'People making hate crime complaints for political points'

An extra 40 officers a day are needed to deal with up to 8,000 calls logged in the last week, the Scottish Police Federation said.

The Scottish Police Federation said it is taking an extra 40 officers a day to deal with the response to the new hate crime laws, with up to 8,000 calls logged in the week since its introduction.

The Hate Crime and Public Order Act came into effect on April 1 and has attracted high-profile criticism with allegations against both JK Rowling and Humza Yousaf dismissed.

The law takes existing offences for stirring up hatred on the grounds of race and applies that to the protected characteristics of age, disability, religion, sexual orientation, transgender identity or variations in sex characteristics.

Opposition politicians predicted a deluge of reports after the legislation came into force including “spurious and vexatious complaints”.

David Kennedy, the head of the organisation representing rank and file police officers, said: “Some people are not making complaints to the police under this legislation because they feel that they are victims of crime, they are doing so to make a political point or their own personal point, or simply, in one case, to protest against the current government.

“I would urge the public not to do that, because simply Police Scotland cannot cope with the demand and it will impact on our ability to deliver other policing services across the communities of Scotland.”

Justice secretary Angela Constance said it had been “a very lively first week” for the new law.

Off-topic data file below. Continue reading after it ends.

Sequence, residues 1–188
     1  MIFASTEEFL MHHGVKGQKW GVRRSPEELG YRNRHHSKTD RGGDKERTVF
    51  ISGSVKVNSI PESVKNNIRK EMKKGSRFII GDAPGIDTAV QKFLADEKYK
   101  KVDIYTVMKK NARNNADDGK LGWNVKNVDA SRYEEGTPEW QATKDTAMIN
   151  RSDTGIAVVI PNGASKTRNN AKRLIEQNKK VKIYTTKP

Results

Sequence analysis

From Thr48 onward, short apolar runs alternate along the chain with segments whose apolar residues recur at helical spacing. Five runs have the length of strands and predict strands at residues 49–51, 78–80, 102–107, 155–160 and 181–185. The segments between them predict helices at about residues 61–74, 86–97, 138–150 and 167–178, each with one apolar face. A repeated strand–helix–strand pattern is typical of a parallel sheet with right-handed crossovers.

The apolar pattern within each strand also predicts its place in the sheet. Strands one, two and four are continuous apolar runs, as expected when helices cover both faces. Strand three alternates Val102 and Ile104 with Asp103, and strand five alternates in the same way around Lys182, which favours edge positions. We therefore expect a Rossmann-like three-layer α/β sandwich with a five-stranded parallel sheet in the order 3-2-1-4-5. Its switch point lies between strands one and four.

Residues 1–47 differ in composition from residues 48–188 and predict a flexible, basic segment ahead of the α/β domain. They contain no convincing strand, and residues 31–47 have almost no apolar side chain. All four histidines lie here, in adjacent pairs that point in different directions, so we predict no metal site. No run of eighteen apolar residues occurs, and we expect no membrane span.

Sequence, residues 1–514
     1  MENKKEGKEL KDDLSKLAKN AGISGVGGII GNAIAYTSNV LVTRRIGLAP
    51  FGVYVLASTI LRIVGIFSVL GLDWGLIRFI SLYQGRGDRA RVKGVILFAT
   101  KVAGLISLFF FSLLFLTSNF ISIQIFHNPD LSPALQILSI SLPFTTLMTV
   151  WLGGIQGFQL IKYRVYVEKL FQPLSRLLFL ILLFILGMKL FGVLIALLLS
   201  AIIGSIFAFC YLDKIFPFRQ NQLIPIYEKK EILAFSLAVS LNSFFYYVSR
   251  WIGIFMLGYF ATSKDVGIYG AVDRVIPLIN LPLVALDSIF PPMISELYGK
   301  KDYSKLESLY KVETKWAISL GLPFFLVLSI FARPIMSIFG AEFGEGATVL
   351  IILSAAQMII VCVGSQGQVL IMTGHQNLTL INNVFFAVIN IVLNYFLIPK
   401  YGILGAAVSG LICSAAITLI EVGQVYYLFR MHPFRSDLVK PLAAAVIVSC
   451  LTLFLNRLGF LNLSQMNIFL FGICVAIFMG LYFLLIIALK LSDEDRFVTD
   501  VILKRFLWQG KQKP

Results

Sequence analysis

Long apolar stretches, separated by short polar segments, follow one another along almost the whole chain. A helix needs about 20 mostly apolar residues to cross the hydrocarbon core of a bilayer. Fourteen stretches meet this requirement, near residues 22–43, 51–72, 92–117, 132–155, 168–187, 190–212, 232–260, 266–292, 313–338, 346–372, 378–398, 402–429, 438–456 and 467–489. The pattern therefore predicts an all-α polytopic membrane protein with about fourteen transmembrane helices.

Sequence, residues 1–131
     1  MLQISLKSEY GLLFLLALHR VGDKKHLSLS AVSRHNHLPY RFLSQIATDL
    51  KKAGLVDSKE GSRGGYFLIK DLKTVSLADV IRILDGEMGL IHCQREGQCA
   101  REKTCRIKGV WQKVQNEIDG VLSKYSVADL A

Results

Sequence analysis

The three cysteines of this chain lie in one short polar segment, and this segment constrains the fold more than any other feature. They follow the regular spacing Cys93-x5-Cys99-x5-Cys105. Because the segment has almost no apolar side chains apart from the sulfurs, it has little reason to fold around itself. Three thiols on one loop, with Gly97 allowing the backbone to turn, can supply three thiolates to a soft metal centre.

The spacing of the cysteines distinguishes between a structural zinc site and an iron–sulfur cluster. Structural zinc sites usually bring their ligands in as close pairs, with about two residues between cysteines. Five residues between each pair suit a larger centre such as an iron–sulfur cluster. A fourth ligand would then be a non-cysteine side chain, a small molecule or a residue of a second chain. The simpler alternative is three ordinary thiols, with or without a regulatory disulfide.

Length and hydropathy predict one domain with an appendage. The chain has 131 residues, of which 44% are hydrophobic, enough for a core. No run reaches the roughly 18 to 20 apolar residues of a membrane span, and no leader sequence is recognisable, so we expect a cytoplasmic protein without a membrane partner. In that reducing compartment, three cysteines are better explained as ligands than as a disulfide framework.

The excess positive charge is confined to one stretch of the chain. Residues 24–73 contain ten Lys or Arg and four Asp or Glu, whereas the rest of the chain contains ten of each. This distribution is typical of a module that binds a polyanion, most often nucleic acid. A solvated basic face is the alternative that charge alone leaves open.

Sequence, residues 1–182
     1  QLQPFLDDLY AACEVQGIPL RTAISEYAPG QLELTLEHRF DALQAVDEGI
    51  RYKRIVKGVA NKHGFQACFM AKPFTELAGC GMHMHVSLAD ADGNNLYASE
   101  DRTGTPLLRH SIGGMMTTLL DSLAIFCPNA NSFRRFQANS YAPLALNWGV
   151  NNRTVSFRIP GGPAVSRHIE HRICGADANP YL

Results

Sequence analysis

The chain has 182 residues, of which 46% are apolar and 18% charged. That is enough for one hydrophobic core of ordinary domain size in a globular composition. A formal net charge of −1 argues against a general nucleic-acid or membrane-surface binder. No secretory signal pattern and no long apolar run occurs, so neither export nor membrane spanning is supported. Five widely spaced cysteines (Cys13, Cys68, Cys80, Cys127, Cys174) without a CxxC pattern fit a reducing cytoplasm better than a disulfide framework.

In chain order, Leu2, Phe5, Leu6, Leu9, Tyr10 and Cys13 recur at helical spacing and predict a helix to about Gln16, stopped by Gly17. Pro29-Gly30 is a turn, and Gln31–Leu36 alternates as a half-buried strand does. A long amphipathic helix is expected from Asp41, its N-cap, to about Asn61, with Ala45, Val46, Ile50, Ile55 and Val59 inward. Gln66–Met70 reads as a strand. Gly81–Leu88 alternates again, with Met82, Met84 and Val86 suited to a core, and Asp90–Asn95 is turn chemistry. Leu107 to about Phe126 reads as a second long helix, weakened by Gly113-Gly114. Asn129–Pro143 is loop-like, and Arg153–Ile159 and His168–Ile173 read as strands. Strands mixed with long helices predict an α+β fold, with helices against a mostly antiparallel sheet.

Incidents included JK Rowling’s social media posts criticising the Scottish Government’s Hate Crime and Public Order Act while describing several trans women as men being reported to police.

Police found the Harry Potter author had committed no crime and also said it would not record a “non-crime hate incident” against her.

Comments made by the First Minister at Holyrood four years ago on diversity were also reported as an alleged hate crime but were deemed not to be criminal.

Yousaf – who was not FM at the time – pointed out the lack of non-white people in the top jobs across Scotland.

Ally McCoist questioned the new legislation and “guaranteed” that he and thousands of others would be “committing a breach” during Sunday’s Old Firm showdown at Ibrox.

The former Rangers player and manager then rolled back on the comments and said he would not be attending the match.

Police said a small number of alleged hate-related crimes during the Rangers v Celtic were being investigated.

“Police Scotland, who I have to once again express my thanks to, have of course been busier than they normally would be in relation to the reporting of hate crime,” Constance said.

“But, of course, our police service are well adept to adjusting to new bits of legislation.”

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